This weekend’s column: Eating for other people’s health ...
Published: September 10, 2012 12:14PM
Updated: September 10, 2012 12:14PM
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File | The Associated Press Organic radishes.

- Eating for other people’s health - By George Pyle | The Salt Lake Tribune

My father was not a religious man. He did not say grace before meals. He would, though, frequently pause to contemplate his favorite dessert.

“I don’t know why the Good Lord couldn’t have made pecan pie and ice cream a health food,” he would declare, mournfully, before downing it.

Maybe that’s why he wasn’t religious. Too many design flaws.

The issue of what does and does not qualify as a health food is always an interesting and fluid one. ...

... The latest in this to-and-fro was last week’s release of a study that concluded that foods properly labeled as “organic” are not appreciably more nutritious than the more common, and often considerably less expensive, foods that do not qualify for such a designation. ...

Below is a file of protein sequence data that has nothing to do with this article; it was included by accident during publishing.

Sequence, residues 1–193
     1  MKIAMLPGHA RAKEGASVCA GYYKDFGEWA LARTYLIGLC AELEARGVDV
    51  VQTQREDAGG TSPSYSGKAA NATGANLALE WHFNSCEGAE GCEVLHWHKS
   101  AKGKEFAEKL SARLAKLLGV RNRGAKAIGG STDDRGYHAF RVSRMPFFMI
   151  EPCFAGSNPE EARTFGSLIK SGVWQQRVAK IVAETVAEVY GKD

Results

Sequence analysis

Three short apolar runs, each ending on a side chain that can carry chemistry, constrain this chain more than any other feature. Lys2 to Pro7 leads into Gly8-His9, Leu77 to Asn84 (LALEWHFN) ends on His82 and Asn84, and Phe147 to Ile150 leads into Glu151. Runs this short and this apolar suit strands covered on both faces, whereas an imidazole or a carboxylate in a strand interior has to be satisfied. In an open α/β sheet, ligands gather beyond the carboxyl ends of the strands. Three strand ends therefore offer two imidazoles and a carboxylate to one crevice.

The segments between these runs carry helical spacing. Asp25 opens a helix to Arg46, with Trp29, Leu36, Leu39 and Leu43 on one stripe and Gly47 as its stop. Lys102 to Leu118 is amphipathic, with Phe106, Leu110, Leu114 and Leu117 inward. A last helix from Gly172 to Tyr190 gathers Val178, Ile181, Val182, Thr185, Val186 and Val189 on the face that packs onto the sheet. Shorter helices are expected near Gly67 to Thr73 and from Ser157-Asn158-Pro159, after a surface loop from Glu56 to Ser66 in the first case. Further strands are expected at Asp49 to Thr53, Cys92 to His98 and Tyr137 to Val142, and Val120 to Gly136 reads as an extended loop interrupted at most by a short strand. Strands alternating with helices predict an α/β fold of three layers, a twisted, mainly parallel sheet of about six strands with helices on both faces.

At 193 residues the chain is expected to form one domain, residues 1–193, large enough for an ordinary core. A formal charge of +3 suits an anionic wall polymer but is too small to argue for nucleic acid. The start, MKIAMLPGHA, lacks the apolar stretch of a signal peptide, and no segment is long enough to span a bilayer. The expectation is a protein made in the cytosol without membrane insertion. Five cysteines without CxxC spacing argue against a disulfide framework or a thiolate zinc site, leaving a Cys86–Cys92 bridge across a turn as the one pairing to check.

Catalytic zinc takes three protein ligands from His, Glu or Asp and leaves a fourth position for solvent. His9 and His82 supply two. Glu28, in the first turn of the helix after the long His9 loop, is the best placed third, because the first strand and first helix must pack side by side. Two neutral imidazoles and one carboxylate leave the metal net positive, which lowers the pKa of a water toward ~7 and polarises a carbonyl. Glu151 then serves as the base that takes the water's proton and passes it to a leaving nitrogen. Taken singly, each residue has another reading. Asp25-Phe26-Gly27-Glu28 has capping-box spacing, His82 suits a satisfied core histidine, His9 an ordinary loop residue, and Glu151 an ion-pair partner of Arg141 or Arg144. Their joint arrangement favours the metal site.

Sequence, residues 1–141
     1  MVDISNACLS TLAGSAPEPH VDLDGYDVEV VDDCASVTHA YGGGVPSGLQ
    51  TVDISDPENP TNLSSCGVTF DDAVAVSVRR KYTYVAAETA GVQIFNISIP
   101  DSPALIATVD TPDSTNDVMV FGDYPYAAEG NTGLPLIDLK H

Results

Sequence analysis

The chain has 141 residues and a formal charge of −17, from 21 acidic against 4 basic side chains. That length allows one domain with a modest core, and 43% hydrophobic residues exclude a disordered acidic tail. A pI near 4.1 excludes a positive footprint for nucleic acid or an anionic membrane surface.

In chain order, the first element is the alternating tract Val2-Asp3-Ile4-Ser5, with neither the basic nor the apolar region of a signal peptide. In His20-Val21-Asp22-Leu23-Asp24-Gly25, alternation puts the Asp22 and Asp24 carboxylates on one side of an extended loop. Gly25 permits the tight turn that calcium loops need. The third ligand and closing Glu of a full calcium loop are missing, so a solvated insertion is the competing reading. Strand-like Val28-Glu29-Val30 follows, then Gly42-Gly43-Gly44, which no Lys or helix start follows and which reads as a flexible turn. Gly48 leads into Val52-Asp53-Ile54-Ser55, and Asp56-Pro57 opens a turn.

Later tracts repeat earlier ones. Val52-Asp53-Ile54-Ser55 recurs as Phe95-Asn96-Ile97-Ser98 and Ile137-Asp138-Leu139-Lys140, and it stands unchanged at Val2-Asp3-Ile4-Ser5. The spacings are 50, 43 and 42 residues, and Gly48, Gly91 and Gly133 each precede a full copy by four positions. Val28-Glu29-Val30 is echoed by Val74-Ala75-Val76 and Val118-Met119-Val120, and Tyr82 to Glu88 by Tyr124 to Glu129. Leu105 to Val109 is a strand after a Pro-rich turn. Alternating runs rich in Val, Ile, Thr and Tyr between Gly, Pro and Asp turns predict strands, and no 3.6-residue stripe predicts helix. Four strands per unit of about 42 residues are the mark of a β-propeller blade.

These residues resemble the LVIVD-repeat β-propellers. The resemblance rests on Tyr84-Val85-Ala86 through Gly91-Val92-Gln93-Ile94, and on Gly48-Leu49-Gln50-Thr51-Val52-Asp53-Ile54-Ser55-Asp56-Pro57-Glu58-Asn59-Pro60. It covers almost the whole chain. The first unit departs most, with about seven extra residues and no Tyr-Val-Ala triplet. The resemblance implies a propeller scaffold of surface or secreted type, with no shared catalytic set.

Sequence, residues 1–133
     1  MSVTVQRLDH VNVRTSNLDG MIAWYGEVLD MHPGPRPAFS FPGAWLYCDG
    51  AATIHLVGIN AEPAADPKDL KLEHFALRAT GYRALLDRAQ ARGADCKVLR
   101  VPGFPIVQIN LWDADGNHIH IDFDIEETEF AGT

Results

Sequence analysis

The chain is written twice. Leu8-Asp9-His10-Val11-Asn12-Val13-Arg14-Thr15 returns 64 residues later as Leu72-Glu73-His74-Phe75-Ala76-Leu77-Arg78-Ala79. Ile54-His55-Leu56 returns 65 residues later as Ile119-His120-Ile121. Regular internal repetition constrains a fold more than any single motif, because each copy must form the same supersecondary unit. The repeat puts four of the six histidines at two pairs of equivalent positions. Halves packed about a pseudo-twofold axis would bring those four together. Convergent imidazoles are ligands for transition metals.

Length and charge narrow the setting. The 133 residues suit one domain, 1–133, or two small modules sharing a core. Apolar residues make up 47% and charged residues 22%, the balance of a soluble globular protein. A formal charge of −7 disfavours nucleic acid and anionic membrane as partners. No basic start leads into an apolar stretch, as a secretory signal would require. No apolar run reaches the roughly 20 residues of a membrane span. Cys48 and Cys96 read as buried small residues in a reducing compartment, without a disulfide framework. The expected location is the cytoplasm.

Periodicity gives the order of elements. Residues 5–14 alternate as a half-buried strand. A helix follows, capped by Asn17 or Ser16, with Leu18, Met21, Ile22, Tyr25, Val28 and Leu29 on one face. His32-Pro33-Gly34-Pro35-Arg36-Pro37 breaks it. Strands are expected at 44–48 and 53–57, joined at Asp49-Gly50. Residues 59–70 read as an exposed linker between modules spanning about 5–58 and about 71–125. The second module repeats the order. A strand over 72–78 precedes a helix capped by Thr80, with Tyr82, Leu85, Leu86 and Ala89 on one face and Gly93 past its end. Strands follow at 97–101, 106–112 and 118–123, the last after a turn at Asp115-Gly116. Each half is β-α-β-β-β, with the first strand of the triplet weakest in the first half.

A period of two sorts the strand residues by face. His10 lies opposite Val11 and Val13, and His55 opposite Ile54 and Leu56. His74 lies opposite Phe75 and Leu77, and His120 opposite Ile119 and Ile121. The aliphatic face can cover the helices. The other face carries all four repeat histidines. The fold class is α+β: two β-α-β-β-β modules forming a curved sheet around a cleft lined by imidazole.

... But, as The Atlantic online noted the other day, “That isn’t the point.” ...

- Happy cows, healthy food - By Nicholas D. Kristof | The New York Times

YAMHILL, Ore. — Food can be depressing. If it’s tasty, it’s carcinogenic. If it’s cheap, animals were tortured.

But this, miraculously, is a happy column about food! It’s about a farmer who names all his 230 milk cows, along with his 200 heifers and calves, and loves them like children. ...

- Organic Food vs. Conventional: What the Stanford Study Missed - Robyn O’Brien | The Huffington Post

- Is organic food worth it? - Baltimore Sun Editorial

- Thinking outside the processed-foods box — health and safety advantages of organic food - Bangor (Maine) Daily News

- What’s in a label? Conflicting studies over organic food - By S.E. Smith | Think Progress

- Why I’m still going to buy organic - By Terry Boyd | The Christian Science Monitor

- Media coverage misleading on Stanford’s organic vs. conventional food study - By Joel Dyer | Boulder Weekly